What do you call it when the exact opposite of what you wished for comes true? Bad luck? Murphy's Law? A curse? Because when this current batch of Wilco dates was announced last fall, in addition to making all the usual arrangements, I crossed my fingers in hopes that a certain group wouldn't tour at the same time -- three guesses as to how that turned out. Well, I now have more confirmation of where my loyalties reside; this week, those bonds led me up the Western seaboard. First stop: Portland, Oregon.
Wilco, Arlene Schnitzer Concert Hall, February 9, 2010: Let it be known that it's been a good seven months since I last saw Wilco, and technically, that show preceded the official release of Wilco (The Album). I realize that's chump change to anyone else, but for me, it might as well be a drought.
On second thought, I might do well to avoid further mentions of precipitation, as Portland was the only destination in this run where the rain stayed away. Later in the week, the soggy skies would get to me, and the beautiful start to this adventure would be remembered even more fondly.
Seeing Wilco in a big, fancy concert hall is not an entirely familiar or welcome sensation to me, even if our seats were pretty good. Thankfully, we were too busy playing "spot the Portland indie rocker" to pout.
From our vantage, we spied Eric Johnson from the Fruit Bats and Richard Swift, both of whom have opened for Wilco in the past. Later, we noted an ex-Decemberist, and we may have sighted a Blitzen Trapper and a Modest Mouse. We heard an NFL quarterback was in the house as well, but we can't confirm that. We weren't the only ones to notice this mass of musicians; Jeff mentioned it from the stage, claiming that the Dharma Bums were the only band in Portland when Wilco first toured. He also suggested that taco carts provided the livelihoods for everyone else in town.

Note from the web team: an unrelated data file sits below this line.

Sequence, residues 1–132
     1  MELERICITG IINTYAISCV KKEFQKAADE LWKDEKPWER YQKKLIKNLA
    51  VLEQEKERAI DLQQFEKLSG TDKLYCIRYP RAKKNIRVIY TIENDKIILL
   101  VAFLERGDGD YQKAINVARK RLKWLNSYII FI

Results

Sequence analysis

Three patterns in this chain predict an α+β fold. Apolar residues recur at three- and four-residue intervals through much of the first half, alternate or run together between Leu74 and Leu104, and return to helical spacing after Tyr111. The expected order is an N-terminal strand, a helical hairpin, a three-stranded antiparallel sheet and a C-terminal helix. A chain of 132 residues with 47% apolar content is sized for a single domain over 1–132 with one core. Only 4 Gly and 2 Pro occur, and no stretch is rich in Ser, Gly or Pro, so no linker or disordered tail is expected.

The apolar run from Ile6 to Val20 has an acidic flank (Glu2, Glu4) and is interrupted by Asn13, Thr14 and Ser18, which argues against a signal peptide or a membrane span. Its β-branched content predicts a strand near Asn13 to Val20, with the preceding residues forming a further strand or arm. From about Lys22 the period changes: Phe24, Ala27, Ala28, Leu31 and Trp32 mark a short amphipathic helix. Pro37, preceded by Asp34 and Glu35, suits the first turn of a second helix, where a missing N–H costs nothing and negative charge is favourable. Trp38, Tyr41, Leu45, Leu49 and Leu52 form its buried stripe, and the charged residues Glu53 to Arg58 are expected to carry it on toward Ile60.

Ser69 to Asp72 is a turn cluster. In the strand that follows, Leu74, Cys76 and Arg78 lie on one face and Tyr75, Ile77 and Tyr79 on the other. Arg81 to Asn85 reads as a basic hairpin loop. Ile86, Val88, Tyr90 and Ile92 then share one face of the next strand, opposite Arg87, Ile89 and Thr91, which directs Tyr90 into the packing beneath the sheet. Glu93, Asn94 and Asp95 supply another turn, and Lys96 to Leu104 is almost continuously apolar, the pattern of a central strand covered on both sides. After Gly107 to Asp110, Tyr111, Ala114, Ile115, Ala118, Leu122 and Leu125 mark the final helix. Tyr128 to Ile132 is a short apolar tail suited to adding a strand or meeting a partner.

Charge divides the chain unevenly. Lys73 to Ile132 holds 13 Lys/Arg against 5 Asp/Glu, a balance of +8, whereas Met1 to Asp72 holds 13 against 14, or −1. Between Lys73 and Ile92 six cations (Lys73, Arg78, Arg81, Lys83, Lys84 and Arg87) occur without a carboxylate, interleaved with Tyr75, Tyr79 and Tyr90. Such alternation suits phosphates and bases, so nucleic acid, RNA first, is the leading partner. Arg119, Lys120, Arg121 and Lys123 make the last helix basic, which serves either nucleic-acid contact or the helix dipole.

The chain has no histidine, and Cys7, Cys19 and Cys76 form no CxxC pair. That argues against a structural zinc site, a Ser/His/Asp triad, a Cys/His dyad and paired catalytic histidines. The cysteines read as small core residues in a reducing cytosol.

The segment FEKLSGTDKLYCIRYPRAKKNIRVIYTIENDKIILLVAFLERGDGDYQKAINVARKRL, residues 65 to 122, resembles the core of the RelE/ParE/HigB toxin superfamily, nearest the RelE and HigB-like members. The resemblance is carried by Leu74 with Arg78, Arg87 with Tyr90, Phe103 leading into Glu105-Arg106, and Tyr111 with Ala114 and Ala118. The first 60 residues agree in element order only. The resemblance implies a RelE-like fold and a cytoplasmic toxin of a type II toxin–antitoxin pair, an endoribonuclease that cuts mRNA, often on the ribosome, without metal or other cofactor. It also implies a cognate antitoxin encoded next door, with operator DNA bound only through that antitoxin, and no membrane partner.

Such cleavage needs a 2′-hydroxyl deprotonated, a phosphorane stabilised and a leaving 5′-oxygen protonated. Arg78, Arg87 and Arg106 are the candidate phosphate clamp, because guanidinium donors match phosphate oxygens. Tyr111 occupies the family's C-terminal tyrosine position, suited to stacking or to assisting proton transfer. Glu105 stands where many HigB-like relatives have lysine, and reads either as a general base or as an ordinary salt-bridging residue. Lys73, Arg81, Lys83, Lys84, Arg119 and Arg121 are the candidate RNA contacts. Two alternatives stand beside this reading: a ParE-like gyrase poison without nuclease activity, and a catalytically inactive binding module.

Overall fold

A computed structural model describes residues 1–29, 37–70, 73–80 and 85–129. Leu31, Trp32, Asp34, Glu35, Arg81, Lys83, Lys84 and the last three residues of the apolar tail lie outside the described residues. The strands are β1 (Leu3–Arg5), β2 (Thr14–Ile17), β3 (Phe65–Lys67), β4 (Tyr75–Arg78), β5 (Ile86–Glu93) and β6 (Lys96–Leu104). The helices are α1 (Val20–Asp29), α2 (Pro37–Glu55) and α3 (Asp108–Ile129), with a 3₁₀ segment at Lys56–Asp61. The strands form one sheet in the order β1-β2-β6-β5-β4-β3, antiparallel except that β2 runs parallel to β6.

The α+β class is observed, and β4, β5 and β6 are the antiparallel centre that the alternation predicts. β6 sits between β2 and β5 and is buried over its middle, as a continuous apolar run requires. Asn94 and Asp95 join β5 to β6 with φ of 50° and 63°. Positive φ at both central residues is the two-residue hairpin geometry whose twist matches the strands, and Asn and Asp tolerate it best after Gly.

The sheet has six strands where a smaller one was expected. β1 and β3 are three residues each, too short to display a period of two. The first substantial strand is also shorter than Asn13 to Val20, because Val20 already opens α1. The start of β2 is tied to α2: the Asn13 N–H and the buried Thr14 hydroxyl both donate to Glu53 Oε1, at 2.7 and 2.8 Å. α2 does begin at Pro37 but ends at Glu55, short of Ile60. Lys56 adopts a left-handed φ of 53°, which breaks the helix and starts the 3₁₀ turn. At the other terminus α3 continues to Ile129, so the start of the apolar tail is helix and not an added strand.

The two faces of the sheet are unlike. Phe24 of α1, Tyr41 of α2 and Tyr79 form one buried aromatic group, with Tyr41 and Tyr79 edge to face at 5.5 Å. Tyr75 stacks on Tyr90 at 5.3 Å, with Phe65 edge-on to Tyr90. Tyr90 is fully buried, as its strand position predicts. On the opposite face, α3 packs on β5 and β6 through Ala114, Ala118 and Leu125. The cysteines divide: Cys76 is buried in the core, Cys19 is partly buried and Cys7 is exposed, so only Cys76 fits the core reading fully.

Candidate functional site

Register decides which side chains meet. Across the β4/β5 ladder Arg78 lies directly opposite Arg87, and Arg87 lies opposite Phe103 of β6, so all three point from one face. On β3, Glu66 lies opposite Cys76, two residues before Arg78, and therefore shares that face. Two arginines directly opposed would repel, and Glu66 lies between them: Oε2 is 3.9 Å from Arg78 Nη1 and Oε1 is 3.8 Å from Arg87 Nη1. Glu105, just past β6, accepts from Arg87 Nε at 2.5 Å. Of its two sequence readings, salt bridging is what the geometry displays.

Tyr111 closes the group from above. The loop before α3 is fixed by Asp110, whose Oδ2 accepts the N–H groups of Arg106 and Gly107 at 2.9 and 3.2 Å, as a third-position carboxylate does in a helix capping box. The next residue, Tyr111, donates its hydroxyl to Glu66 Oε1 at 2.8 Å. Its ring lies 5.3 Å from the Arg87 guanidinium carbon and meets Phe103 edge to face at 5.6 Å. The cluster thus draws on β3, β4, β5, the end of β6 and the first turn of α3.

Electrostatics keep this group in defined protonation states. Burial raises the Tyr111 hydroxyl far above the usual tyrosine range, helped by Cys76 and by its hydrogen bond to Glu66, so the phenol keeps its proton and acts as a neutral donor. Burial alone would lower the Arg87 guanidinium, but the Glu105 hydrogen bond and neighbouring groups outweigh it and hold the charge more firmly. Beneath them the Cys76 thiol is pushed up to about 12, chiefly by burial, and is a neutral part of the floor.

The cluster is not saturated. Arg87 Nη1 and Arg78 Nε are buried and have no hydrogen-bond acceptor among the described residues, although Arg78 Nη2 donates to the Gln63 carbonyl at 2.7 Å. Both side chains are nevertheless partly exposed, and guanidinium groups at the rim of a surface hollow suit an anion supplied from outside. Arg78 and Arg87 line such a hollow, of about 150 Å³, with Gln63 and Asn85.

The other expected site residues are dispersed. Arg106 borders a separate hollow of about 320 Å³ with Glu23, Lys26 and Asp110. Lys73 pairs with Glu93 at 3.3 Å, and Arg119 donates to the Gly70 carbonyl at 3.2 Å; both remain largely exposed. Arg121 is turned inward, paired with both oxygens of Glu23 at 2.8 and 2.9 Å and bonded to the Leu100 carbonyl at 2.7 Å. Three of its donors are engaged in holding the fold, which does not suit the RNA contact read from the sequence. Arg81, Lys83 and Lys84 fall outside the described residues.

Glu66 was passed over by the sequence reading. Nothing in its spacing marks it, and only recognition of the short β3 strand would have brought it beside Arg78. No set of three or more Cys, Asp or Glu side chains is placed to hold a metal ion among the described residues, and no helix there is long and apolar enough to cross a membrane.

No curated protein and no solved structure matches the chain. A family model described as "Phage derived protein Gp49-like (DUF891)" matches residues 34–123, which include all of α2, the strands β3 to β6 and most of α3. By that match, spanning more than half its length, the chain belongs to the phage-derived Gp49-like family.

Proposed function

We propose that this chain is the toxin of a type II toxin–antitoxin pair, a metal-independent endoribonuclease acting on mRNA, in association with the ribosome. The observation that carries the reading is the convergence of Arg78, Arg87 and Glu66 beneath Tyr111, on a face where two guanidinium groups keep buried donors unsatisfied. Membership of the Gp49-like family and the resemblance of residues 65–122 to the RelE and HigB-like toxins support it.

These grand rooms with their high ceilings can take a particular type of song and hold the sustain so well that you can almost see the sound waves bouncing off the walls. The opening "Sunken Treasure" and, a couple of tunes later, "Hell Is Chrome" easily qualify for that group. "Sunken Treasure" presented another surprise for me, ending in a jazzy trot--yet one more variation on this track that I've previously heard embellished with Eastern psychedelia, forceful rumbles, and all-out cacophony, to name just a few approaches.
Up-and-coming indie rockers weren't the only musos in attendance; old friends Peter Buck and Scott McCaughey dropped in for the obligatory "California Stars," and I heard actual jangly guitar from Peter this time, which was not the case in a previous appearance. Playing deeper into the locals' hearts, Jeff also subbed the city and state names into "Kingpin," a move that I always eat up.
Speaking of eat, I'm introducing a new feature in this blog for this run of shows: food porn. In the course of a single day, we hit Kenny and Zuke's, Laurelhurst Market, and Voodoo Doughnut. Oh my aching arteries! They were all delicious, but I think you can see why Kenny and Zuke's earns the spotlight in this go-round:
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